I heard someone saying "rote memorization" and after that I found from another resource it is not correct to say "rote memorization" and instead it is said simply "rote". How is it correct to say: "Reading again and again is rote memorization" or "Reading again and again is rote"? This is just an example. I hope you understand what I need to know. And how would I properly use this word?

Thank you!

1 Answer 1


The phrase most commonly used is rote learning, or learning by rote, although I don't have a problem with "rote memorisation".

It is unusual to say that something "is rote" in the given context. You can either say "Reading again and again is the definition of learning by rote." or "Reading again and again is the definition of rote learning.". Something that can more commonly be rote is learning (or some synonym for learning), but even then the idiomatic use would generally be by rote.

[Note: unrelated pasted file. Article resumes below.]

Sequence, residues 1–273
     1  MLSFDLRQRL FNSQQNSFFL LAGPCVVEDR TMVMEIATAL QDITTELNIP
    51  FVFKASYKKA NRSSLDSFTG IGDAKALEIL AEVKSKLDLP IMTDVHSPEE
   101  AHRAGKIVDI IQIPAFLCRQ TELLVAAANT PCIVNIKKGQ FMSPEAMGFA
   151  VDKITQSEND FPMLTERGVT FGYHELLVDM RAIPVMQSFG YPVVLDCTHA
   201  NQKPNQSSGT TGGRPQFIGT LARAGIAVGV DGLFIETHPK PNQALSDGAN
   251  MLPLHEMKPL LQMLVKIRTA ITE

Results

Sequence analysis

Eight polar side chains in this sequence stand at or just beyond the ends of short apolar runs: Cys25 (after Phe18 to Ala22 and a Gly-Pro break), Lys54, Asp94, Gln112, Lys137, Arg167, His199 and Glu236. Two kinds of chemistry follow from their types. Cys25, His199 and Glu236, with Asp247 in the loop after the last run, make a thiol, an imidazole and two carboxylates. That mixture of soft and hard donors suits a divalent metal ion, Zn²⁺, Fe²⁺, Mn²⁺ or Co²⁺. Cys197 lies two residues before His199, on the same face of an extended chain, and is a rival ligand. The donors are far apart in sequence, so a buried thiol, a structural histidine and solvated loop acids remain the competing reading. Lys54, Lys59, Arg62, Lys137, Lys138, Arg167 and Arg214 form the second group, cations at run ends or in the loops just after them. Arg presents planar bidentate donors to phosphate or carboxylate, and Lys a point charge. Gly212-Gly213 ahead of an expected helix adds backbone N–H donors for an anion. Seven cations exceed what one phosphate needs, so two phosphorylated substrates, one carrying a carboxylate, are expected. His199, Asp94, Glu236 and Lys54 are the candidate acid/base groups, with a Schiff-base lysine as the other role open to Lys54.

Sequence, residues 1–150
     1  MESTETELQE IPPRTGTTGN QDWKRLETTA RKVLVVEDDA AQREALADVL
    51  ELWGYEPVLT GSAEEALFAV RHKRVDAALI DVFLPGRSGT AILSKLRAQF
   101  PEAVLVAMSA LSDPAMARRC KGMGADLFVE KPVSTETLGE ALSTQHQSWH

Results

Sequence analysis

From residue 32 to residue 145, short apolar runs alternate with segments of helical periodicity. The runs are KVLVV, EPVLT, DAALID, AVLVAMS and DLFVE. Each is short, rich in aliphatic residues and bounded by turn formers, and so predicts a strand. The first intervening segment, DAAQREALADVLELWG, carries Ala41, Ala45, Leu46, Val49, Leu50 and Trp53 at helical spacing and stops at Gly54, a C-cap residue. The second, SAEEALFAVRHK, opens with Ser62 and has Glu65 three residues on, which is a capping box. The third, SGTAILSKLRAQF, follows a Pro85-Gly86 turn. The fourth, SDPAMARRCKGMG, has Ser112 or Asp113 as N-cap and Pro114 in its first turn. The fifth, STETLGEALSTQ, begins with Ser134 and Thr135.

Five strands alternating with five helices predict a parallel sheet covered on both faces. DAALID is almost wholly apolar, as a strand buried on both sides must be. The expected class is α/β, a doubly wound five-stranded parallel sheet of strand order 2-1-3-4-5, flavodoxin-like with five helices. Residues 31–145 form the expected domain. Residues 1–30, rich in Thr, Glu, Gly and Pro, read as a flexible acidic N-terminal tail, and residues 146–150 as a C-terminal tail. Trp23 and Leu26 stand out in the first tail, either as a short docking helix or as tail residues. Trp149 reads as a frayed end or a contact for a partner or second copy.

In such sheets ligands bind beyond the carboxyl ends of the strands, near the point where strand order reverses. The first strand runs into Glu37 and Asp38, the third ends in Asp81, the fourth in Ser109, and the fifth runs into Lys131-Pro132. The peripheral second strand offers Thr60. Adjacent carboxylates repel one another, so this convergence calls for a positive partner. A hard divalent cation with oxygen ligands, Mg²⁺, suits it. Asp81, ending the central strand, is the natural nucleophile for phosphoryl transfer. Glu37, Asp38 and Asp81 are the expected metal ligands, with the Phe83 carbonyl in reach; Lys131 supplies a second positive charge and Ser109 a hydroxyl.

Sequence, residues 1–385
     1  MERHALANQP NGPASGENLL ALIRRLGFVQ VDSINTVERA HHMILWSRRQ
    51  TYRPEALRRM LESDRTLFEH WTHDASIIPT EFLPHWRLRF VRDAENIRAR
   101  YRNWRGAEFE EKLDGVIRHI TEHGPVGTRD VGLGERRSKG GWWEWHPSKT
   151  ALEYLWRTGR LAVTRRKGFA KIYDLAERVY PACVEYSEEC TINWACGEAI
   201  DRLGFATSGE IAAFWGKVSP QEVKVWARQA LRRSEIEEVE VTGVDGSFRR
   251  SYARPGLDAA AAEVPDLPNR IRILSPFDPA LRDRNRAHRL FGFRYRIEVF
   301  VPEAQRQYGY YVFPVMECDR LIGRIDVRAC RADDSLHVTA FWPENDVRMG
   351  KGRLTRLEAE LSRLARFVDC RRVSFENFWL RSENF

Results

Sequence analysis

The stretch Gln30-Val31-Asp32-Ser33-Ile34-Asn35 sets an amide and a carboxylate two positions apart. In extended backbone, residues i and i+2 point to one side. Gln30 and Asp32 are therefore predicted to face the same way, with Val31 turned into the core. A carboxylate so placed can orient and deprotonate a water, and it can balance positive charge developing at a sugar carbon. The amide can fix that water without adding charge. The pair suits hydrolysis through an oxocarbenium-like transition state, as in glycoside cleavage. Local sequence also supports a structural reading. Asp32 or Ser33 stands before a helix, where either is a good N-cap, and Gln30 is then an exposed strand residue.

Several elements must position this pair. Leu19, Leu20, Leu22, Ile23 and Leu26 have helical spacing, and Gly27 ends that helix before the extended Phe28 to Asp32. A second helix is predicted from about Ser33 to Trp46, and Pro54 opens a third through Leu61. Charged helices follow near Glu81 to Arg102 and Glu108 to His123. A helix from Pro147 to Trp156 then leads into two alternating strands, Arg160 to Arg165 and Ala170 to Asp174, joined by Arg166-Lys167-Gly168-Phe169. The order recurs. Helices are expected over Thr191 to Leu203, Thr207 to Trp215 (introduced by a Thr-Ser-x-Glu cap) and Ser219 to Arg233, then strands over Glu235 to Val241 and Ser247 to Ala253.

EDIT: Thanks to ColleenV for pointing this out: There is another definition of rote. You can say something "is rote" if you are describing something that should be creative/inspired, but it is instead mechanical, robotic, uninspired and/or formulaic - as if learned/made "by rote".


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